The gas formation, bloating and cramping in your age group would need to look for the following causes;
1) Gallbladder disease (gallstones)
2) Irritable bowel syndrome
The investigations to diagnose these would be;
1) A barium enema
2) Colonoscopy (camera exam)
Following may help you, meanwhile;
2) This may help;
a) Bismuth subsalicylate
b) Activated charcoal
c) Simethicone; (Maalox, Mylanta); Simethicone causes gas bubbles to break up.
d) Beano; contains an enzyme (alpha-galactosidase), which helps to breakdown certain complex carbohydrates.
All are available without prescription.
Avoid foods that appear to aggravate symptoms. These may include milk and dairy products, certain fruits or vegetables, whole grains, artificial sweeteners etc. But this is based on the personal observation for the aggravating food.
3) These investigations by your physician may also help in addition to mentioned above;
a) Healthy people pass gas up to 20 times per day. If the frequency of passage of flatus is more than 20 times per day, gas chromatographic analysis of flatus collected via a rectal tube can differentiate air swallowing (which is nitrogen predominantly) from intestinal production of gas (which is hydrogen and carbon dioxide).
b) Colonic transit time.
Discontinue the following if you do them;
1) gum chewing,
3) drinking carbonated beverages, and
4) gulping food and liquids.
The exact cause of cramps in the calf is not well understood, but there are some risk factors that are thought to contribute to this condition:
1) Muscle fatigue,
2) Heavy exercising,
4) Over weight
5) Electrolyte imbalances,
6) Vitamin deficiency,
7) Age above 60.
These cramps are different than the upper abdominal cramps which are likely due to the abdominal organs (viscera). While cramps in the calves are because of the skeletal muscles.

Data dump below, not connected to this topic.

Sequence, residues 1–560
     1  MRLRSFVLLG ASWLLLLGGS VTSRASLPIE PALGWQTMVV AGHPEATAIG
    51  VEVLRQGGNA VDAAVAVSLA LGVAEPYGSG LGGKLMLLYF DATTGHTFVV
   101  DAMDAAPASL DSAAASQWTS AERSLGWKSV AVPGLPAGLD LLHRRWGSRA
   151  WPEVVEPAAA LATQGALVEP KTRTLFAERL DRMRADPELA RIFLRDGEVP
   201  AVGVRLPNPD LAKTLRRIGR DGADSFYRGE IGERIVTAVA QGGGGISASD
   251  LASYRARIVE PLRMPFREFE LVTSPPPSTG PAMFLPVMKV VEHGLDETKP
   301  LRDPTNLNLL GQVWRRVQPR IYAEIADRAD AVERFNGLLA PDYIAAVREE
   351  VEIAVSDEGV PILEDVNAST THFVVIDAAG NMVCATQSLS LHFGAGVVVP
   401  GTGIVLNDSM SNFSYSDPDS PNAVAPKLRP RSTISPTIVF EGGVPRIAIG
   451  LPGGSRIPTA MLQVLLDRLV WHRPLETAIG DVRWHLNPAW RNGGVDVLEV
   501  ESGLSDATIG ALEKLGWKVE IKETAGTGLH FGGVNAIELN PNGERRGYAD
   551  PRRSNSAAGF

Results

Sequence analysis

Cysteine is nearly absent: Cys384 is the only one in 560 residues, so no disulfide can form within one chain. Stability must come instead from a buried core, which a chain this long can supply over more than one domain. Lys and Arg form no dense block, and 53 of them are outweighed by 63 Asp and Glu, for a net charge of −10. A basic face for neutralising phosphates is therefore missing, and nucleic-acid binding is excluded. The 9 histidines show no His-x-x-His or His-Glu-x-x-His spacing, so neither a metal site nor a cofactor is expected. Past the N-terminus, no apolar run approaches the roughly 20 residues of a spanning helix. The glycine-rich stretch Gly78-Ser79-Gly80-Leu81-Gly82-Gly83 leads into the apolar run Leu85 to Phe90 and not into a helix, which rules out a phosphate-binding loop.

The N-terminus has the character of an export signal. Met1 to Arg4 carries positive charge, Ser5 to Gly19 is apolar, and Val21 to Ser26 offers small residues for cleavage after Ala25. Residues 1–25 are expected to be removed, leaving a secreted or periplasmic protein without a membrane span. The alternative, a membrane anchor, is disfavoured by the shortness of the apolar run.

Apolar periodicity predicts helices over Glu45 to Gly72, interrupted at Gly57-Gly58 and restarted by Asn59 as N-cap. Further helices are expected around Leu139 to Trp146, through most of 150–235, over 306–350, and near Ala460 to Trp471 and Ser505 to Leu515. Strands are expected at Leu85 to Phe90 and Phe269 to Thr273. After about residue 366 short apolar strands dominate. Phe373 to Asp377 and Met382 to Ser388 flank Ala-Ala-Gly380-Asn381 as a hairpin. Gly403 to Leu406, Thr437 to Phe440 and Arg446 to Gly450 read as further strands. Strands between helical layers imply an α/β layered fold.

Electrolyte imbalances is generally considered the most common main cause. A blood electrolyte level can help you in ruling in or ruling out this. Some researchers believe inadequate stretching and muscle fatigue leads to abnormalities in mechanisms that control muscle contraction. Other factors may also be involved, including exercising or working in intense heat and dehydration.
Prevention of the cramps is the best cure; for that following measures should be employed:
1) Drink water at regular intervals, even whey you are not thirsty.
2) Drink more than what you require.
3) Drink fruit juice or a sports beverage if the working conditions are hot and one sweats a lot.
4) If cramps occur frequently, stretching exercises help. Muscle relaxant like chlorzoxazone can also help.
5) Following exercise may help you before you go to bed; Stand about 30 inches from a wall and, keeping the heels flat on the floor, lean forward and slowly move the hands up the wall to achieve a comfortable stretch.
6) A few minutes on a stationary bicycle at bedtime may also help.
7) While in bed, loose covers should be used to prevent the toes and feet from pointing, which causes calf muscles to contract and cramp easily.
8) Propping up the feet up than the rest of the body may also help.
9) During the week, swimming and water exercises are a good way to keep muscles stretched, and wearing supportive footwear is also important.
10) Eating more nuts, seeds, seafood and low-fat dairy would help.
You can consult your physician who would review your medications and medical history. Also, take Calcium and vitamin D with a supplement of magnesium and zinc a day. Gatorade, can help as it contain electrolytes. If still no change, then do follow up with your doctor for a blood test to check the electrolytes.
Once a cramp starts, do the following measures so it is arrested immediately;
1) Straighten the leg, flex the foot upward toward the knee, or grab the toes and pull them toward the knee.
2) Walking or shaking the affected leg, then elevating it, may also help.
Please feel free for your follow up questions.